Meet Sammy Akuthota, The Heart & Soul Of Satya Chai Lounge

Host with the most Sammy Akuthota reflects on the year that's been and highlights what's to come for his beloved Auckland bars


Sammy Akuthota at his bar GG X Flamingo. Photo / Rebecca Zephyr Thomas

“Im having so much fun,” says Sammy Akuthota, reflecting on the year that’s been. “I absolutely love food so there’s nothing else I would rather be doing right now.”

Sammy’s hedonistic energy is infused into everything he does — his two Satya Chai Lounges, cocktail bar GG X Flamingo and come summer, a new pop-up in Grey Lynn. It’s what makes his bars such a pleasure to be in. “I build places that I would like to hang out in with my friends. If other people love it, that’s great.”

READ: Where To Find: Auckland's Best Bar Food

The story of how he opened the first Chai Lounge in Sandringham (behind his restaurateur parents’ backs) is legendary. They founded the successful Satya chain of South Indian restaurants almost 20 years ago, with Sammy immersed in the family business since he was young.

“As a child you ask, ‘why do I have to help out and work when all my friends are playing?’. But now I can’t say how important it was growing up in the restaurant, learning how it works. I was surrounded by a very rich Indian culture, which was so precious to me.”

Staya Chai Lounge, Karangahape Rd. Photo / Rebecca Zephyr Thomas

Sammy had always wanted to put his own spin on Indian food and was convinced that serving authentic Indian street food — the type you buy from a street-side hawker and eat standing up — and pairing it with local craft beer would be a hit.

“I wanted to introduce Indian food and culture that isn’t really seen in Western society, where Indian food is often thought of as curry, bread, rice and a Kingfisher. I love craft beer, it’s an amazing match with Indian food, it’s an absolute no-brainer.” It was a great idea, but his parents, who don’t drink and “don’t understand drinking culture”, weren’t exactly supportive.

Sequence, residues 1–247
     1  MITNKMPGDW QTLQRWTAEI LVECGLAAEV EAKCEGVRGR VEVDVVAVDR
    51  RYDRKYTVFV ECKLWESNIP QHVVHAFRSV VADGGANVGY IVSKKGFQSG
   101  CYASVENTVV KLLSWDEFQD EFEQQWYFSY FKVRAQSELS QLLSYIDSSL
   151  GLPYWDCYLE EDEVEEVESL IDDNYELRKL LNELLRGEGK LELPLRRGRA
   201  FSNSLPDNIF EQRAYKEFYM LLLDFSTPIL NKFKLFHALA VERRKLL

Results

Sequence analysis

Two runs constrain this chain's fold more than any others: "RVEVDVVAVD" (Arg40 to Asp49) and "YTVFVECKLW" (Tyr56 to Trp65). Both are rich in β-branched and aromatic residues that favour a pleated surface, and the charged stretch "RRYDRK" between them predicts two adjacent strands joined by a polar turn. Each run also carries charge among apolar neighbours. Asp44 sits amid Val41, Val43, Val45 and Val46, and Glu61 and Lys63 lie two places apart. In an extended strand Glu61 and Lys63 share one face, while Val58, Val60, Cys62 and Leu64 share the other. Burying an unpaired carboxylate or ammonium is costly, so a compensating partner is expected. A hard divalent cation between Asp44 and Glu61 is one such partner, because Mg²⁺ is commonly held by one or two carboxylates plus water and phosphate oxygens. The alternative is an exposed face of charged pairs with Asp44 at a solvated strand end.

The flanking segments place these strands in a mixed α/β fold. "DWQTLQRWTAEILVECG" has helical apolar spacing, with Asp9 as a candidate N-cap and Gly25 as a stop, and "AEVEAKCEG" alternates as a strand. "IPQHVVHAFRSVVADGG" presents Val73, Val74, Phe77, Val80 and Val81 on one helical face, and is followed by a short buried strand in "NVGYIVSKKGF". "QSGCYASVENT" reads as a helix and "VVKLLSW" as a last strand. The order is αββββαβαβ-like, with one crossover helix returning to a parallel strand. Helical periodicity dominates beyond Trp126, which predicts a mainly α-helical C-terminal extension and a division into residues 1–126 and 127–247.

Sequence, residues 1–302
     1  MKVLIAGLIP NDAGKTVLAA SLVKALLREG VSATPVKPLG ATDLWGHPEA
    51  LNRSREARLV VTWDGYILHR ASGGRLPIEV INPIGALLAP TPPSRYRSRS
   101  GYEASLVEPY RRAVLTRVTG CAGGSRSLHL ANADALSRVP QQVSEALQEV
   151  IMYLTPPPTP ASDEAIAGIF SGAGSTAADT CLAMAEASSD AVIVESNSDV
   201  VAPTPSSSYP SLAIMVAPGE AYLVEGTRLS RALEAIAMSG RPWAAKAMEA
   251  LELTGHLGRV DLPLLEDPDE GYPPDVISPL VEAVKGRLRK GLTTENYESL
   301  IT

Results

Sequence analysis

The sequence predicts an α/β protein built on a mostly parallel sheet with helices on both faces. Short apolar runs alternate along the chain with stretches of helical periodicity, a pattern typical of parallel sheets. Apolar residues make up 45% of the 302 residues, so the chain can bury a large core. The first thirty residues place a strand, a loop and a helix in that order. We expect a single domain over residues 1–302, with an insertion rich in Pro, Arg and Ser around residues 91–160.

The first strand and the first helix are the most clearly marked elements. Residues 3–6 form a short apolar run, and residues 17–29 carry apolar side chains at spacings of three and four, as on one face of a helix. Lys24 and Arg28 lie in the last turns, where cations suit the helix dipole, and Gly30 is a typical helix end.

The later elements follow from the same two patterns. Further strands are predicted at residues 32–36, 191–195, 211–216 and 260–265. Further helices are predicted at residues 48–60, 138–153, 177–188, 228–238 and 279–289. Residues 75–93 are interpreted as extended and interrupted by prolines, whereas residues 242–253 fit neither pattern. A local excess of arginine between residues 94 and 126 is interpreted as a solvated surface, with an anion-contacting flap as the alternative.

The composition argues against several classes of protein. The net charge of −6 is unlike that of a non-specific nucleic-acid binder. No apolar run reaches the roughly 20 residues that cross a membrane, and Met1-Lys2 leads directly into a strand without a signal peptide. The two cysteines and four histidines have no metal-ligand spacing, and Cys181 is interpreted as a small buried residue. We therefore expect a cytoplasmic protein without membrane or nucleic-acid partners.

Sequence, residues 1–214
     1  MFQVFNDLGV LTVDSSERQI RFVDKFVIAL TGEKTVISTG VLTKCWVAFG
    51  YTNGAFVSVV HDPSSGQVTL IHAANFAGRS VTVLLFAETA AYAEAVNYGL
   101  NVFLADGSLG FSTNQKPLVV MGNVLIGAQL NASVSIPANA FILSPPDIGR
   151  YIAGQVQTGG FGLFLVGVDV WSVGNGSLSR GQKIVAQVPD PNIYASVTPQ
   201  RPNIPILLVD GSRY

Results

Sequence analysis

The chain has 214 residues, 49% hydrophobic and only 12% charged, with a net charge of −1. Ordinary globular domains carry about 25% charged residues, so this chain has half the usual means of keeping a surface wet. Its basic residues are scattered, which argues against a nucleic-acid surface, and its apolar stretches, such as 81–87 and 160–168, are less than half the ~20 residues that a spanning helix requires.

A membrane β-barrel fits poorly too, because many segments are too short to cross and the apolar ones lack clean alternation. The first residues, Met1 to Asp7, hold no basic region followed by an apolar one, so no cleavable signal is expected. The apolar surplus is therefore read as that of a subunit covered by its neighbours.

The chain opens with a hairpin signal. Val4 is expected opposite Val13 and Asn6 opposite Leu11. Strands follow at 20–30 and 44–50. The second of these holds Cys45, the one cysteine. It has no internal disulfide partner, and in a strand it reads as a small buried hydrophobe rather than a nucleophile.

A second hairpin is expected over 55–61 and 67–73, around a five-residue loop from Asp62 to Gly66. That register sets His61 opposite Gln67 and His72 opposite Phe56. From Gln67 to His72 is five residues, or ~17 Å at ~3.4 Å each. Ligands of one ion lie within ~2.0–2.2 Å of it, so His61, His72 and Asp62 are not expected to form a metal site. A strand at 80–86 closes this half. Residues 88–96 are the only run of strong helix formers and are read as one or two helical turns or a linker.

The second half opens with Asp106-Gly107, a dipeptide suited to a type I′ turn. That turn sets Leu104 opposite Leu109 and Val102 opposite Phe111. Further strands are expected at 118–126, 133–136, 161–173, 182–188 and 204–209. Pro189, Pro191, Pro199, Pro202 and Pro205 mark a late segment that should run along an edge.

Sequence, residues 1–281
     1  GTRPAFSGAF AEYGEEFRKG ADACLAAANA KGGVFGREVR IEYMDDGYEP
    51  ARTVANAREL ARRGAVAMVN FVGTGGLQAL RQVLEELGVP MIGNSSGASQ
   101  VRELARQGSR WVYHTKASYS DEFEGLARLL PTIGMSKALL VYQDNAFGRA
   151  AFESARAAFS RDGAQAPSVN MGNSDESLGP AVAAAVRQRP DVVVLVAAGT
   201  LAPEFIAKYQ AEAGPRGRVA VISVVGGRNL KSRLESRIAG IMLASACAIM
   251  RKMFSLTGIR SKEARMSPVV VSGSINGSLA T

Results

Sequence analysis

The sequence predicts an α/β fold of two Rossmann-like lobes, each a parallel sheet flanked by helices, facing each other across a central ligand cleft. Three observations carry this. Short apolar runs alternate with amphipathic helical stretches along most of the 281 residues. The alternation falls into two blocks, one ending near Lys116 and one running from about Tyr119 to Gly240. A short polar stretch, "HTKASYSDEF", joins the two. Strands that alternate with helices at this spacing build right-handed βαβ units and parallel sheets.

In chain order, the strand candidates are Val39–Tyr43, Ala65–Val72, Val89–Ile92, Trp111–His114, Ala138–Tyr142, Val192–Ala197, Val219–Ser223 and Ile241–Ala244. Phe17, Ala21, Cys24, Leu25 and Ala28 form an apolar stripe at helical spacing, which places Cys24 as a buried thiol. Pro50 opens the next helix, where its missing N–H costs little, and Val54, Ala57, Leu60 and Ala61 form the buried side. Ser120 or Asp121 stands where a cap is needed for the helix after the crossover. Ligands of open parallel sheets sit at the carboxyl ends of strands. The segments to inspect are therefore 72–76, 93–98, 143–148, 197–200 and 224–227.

READ: Neighbourhood Watch: Where To Eat, Shop & Stop On Karangahape Rd

So he waited until they were overseas and, with a budget of $800, transformed the space alongside their Sandringham restaurant into a chai lounge in 2016, covering the ceiling and walls with recycled coffee sacks, adding plants borrowed from his landscaping buddies and using old beer crates as chairs. He modelled the space on dhabas, rudimentary shacks found on the roadside in India serving great food, and fused this with a Kiwi bach aesthetic. People loved it.

By the time his folks got back, he’d already built up a buzzing client base and, he jokes, he used the family brand name so they couldn’t shut it down — it would be a bad look. “They said they would give me two months but when they saw that people were enjoying the food and drinks together, and they weren’t getting wasted, they came around.”

Satya Chai Lounge serves authentic Indian street food. Photo / Rebecca Zephyr Thomas

So much so that they handed over the keys to their K Rd restaurant this year, which Sammy turned into a second Satya Chai Lounge. Here, the food is so good it made it into Cuisine’s Top 100 restaurants for 2018. Viva’s restaurant reviewer Jesse Mulligan effusively described the snacks like Goan-spiced ‘kurryage’ chicken and cheesy deep-friend paneer “as perfect as it can possibly be”.

This summer Sammy will be slinging Indian-style grilled cheese sandwiches and cardamom ice teas at a pop-up on Pollen St, and plans are in the works for a beer garden in 2019, such is his love for beer. His family will host their yearly free Christmas dinner at the Satya restaurants on December 25 for those in need, “to give back to the community that has supported us through the years”.

READ: Where to Find Great Indian Curry in Auckland

His highlight of 2018? “Getting to know Auckland’s hospitality scene has been really cool. And seeing Auckland grow up. We have an amazing food and drinks scene now compared to five years ago. We’re on par with the best cities in the world.”

We have Sammy in part to thank for that.

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New Zealand Herald

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